I am a little (OK, a lot) obsessive about oral hygiene. Keeping teeth and gums clean, strong, and healthy, unfortunately, can generate a lot of waste. The biggest offender is the plastic toothbrush, which should be changed at least once every three months. These toothbrushes are not recyclable and all end in the landfill. I brush my teeth about four times a day, so I go through a lot of toothbrushes. I have been using bamboo toothbrushes for about four years. I use the Brush with Bamboo or Brush Naked brands; I prefer the latter, because it’s a Canadian brand, but I can’t always find it in local stores. I buy soft bristles, since these are best for the gums. The toothbrushes come in biodegradable cellulose and cardboard boxes; unfortunately, Halifax doesn’t allow cellulose in the compost. The brushes are made of nylon, so once the toothbrush needs to be replaced, I use a small set of pliers to remove the bristles, which go in the garbage bin, and place the handle in the green bin.
I don’t find manual brushing overly effective in removing plaque, so I use an electric toothbrush at night. When it comes to the health of my teeth and gums, I am prepared to make environmental compromises, which is a theme in this post. I use an Oral-B Pro electric toothbrush, which has a pressure sensor that alerts you if you are brushing too vigorously, and which has a set timer for 30 minutes per quadrant of your mouth. I’ve noticed a significant reduction in the amount of plaque buildup on my teeth since using it these past few years. I use my bamboo toothbrush throughout the day.
I don’t use mouthwash: I really don’t see the point. If your teeth and gums are clean, why do you need a mouthwash? Besides, I don’t want that plastic bottle in my home. It’s easy to make your own mouthwash using a simple combination of water the peppermint essential oil, but I don’t bother. I do not chew gum to freshen my breath for two reasons: Most brands of gum use a lot of packaging and, further, I have TMJ, which makes extended chewing uncomfortable. I prefer to carry mints, which I buy in bulk, and which I use if I don’t have easy access to my toothbrush. I use a stainless steel tongue scraper in the morning and evening, and I find this does an excellent job of removing any residual odour-causing bacteria.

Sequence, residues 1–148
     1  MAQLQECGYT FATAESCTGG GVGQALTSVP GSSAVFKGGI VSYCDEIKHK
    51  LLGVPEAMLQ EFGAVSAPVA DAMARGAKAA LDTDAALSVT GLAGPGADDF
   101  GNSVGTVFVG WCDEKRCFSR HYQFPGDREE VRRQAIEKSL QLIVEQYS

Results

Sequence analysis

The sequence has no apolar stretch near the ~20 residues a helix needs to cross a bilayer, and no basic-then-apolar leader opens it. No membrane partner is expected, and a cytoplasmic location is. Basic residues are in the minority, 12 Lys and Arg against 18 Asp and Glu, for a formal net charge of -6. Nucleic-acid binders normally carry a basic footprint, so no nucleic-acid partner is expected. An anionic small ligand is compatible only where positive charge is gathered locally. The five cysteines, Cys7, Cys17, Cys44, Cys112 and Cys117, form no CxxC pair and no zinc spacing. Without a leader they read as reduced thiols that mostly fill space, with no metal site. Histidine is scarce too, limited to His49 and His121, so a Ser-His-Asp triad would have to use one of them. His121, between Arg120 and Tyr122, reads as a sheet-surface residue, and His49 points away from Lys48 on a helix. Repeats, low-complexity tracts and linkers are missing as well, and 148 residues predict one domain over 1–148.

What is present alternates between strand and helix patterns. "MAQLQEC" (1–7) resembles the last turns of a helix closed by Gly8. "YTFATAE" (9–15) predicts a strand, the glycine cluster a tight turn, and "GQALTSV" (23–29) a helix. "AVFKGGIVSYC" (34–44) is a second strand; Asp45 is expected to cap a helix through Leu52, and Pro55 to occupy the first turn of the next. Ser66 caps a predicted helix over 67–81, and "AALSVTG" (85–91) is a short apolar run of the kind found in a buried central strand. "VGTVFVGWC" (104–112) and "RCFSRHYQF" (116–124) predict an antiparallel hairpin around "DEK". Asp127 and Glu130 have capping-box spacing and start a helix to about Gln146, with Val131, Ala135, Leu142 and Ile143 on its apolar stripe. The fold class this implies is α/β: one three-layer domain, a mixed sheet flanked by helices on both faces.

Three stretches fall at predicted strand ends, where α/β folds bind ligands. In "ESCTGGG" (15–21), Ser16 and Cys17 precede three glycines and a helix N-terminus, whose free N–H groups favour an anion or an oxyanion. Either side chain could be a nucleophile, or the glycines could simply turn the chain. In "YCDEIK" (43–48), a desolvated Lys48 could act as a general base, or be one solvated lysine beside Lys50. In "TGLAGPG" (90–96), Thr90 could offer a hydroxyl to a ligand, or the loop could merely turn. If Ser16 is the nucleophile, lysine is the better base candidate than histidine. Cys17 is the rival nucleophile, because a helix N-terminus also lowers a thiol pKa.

The environmental impact of flossing has always bothered me. Most flosses come in plastic containers that can’t be recycled, then you need to put all that floss in the landfill. There are more environmentally-friendly flosses now that come in glass jars; you can buy the floss refills for the jars. The floss is biodegradable but the catch for me is that it’s made of silk, so it’s not vegan. There are some vegan flosses on the market, but they can’t be composted. I find flossing uncomfortable, as I have a small mouth and my teeth are packed very tightly, which makes it difficult for the floss to slide in evenly between the teeth. The best compromise I’ve found is a handheld Waterpik flosser. Yes, it’s plastic, but it will last me several years; more importantly, it’s done wonders for my teeth and gums. At my last dental checkup last week, the hygienist noticed a significant improvement in my gums, and I had absolutely no bleeding during the cleaning.
Toothpaste is another area where waste can be a problem, as most toothpaste tubes cannot be recycled. You can make your own toothpaste; the typical ingredients are baking soda, coconut oil, and possibly xylitol. I categorically refuse to do this. Most DIY toothpaste has a very high concentration of baking soda, which can cause tooth enamel erosion. Second, I am a strong believer in the positive impact of fluoride on tooth enamel. I know some people are concerned about the impact of fluoridation, but my research has shown that you need to consume very large amounts of fluoride for this to occur. I am not about to compromise the health of my teeth on the statistically insignificant danger of fluoridation. My compromise is to use fluoride toothpaste in the morning and evening and less wasteful alternatives during the day, such as Lush’s solid toothy tabs (yes, they do come in plastic, but at least it can be recycled), which are excellent for travel purposes, or David’s toothpaste, which comes in an aluminium tube.